Regardless of where the Washington Nationals sit in the standings, who’s on the mound or who’s in the lineup, there has long been a night-to-night constant at Nationals Park: Mark Lerner, one of the club’s principal owners and the only son of family patriarch Ted, sitting in the first row, Nationals hat on his head, monitoring the action from the on-deck circle to the outfield seats. He is the face of the family that owns the club, and its most visible presence at the ballpark.
But over the past several months, as the Nationals have surged toward what will likely be their fourth division title in six years, Lerner’s front-row perch has sat empty, conspicuously vacant. Season-ticket holders asked, reporters asked, players asked: Where’s Mark?
“There’s been a void there,” Nationals General Manager Mike Rizzo said.
Thursday night, in a letter to The Washington Post, Lerner revealed the reason for his absence: Lerner had cancer in his left leg, and though he is now cancer-free, complications following surgery and radiation treatment left doctors with little choice but to amputate the leg last week.
“With my doctors and medical team, we decided that amputation of that leg was my best choice to maintain the active and busy lifestyle that I have always enjoyed,” Lerner said in his letter, relayed through the Nationals public relations department. “The limb was removed in early August and I’m healing well, cancer-free, and looking forward to my eventual new prosthetic.”
The absence of Lerner, 63, from Nationals Park was stark. Few owners are as visible on a nightly basis. Rarely is he hidden in a luxury suite, and viewers of the team’s games on the Mid-Atlantic Sports Network could easily identify Mark Lerner seated in, as Rizzo said, “Row 1, Seat 1,” nearest the Nationals’ dugout during home games.
But as this season began, Lerner was infrequently in that seat. The last game he attended was July 30, but he was barely present in the months leading up to that.
“I know you recognize that only something really challenging would have kept me from my favorite seat at the ballpark these past months,” Lerner wrote.
Lerner and his family, who have a reputation for being intensely private, kept the information tightly under wraps. Senior staff were informed only during a homestand that just concluded Wednesday. Rizzo told the team Thursday night after batting practice in San Diego, where the Nationals opened a seven-game trip.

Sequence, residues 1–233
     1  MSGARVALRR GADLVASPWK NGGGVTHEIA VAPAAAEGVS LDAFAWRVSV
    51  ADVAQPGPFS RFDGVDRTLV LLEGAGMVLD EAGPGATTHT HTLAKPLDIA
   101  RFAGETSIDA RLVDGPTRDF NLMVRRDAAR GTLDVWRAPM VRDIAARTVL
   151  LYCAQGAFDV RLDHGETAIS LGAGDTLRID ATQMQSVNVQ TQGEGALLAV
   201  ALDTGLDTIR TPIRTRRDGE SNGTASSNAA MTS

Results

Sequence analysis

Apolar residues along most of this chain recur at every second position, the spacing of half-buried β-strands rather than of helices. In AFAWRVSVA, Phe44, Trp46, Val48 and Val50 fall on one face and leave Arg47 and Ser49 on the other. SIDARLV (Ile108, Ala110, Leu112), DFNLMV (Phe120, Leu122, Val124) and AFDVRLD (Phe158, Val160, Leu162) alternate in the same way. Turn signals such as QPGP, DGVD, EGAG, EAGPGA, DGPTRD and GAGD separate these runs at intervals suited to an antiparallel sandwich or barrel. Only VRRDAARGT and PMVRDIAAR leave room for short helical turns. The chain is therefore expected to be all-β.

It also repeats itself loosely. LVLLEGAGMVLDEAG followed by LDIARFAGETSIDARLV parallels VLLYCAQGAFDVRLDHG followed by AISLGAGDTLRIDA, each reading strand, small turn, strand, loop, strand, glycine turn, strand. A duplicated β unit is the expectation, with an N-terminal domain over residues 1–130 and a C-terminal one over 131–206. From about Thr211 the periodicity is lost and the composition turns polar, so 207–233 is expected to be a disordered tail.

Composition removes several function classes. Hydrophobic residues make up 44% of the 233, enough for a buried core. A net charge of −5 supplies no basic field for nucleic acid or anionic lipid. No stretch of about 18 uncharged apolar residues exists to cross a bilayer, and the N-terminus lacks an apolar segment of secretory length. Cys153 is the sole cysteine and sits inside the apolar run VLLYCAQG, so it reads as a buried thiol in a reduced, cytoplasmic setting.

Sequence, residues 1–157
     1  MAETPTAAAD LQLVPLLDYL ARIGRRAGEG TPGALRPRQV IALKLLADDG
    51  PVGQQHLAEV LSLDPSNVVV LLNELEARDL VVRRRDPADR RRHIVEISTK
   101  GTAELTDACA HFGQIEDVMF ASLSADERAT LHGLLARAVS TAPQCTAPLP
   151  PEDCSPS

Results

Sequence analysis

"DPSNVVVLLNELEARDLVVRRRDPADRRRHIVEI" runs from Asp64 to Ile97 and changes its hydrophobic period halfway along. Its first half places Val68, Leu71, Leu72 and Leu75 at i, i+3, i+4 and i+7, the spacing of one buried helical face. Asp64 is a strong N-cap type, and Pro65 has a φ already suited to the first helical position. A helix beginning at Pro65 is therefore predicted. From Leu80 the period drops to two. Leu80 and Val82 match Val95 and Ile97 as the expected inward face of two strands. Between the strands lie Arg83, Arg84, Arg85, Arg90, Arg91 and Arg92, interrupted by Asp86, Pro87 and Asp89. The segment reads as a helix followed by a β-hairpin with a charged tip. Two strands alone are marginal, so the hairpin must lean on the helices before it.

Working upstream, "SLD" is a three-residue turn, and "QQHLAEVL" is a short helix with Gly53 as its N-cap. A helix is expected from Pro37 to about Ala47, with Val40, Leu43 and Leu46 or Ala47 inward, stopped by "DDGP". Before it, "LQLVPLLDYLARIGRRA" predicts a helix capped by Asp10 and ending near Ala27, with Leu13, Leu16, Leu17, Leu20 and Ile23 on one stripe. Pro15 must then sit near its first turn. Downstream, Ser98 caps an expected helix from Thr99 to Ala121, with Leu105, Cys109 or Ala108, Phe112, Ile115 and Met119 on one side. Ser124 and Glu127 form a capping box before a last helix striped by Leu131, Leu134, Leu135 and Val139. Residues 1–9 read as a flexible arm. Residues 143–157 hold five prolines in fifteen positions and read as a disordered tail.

“It’s been difficult to explain to players, to staff, to everybody,” Rizzo said by phone. “They want to be private about it, and that’s their right. But his absence was noticed. Not having him in the draft room; he’s always in the draft room. Not having him at the trade deadline, when you’re talking to Mr. Lerner and the group 20 times a day. I know they were keeping him abreast, and he had other things on his mind, but I missed him. It was sad. I was bummed out about it.”
In his letter, Lerner said in early January doctors discovered a rare type of cancer called spindle cell sarcoma in his left leg, above the knee. According to the National Institutes of Health, sarcomas are malignant tumors that attack connective tissue and are most common in bones, muscles, tendons or cartilage — particularly in arms and legs.
Lerner said he underwent radiation, which was completed in March. In April, he had surgery that successfully removed the cancer. But there were problems thereafter.
“The radiation treatment eventually caused the wound not to heal properly,” Lerner wrote.
With that, Lerner, his family and the doctors worked through options, eventually determining that amputation — above the knee — was best. Despite that, Lerner said he expects to be able to return to a lifestyle similar to what he enjoyed before he lost the limb. When his family first purchased the Nationals in 2006, Lerner distinguished himself from other owners by frequently suiting up in full uniform and shagging fly balls during batting practice. While he abandoned that practice in recent years, he is an avid golfer, and once he is fitted with and becomes accustomed to a new prosthetic, he expects to be able to continue with that pursuit, as well as others.
The Nationals say Lerner will not be limited in his duties either with the club or the family’s real estate business. Details about his rehabilitation — both a timeline, and where it will take place — haven’t been worked out. He is not yet home, but expects to return soon.
“He’s a fan, of course, but it’s more than that,” Rizzo said. “He has a deep-rooted interest in this team — not only a business interest, but much more importantly, he feels that he’s the caretaker of the team in Washington, D.C., his hometown. We all want to win a World Series. I want to do it for D.C. and the area. But it’s probably multiplied double for Mark. That’s his town. He grew up there. It’s his family. It’s a big deal.”
Mark Lerner is the oldest of Ted and Annette Lerner’s three children. He and his two sisters, Debra Lerner Cohen and Marla Lerner Tanenbaum are joined by his brothers-in-law, Robert Tanenbaum and Ed Cohen, and his Mark’s wife, Judy, as principal owners of the Nationals. Ted Lerner, 91, is still actively involved in major decisions regarding the club, but the family rules by consensus, voting on each issue.
That close relationship, Mark Lerner said, will help him get through a difficult challenge.
“I’ve been very blessed with my wonderful wife Judy, who has never left my side, our great kids, amazing family and close friends,” Lerner wrote. “I really appreciate everyone respecting our family’s privacy as we’ve gone through this. I’m not sure of the timeline yet, but you know I’ll be at Nationals Park as soon as I possibly can.”
Chelsea Janes contributed to this report.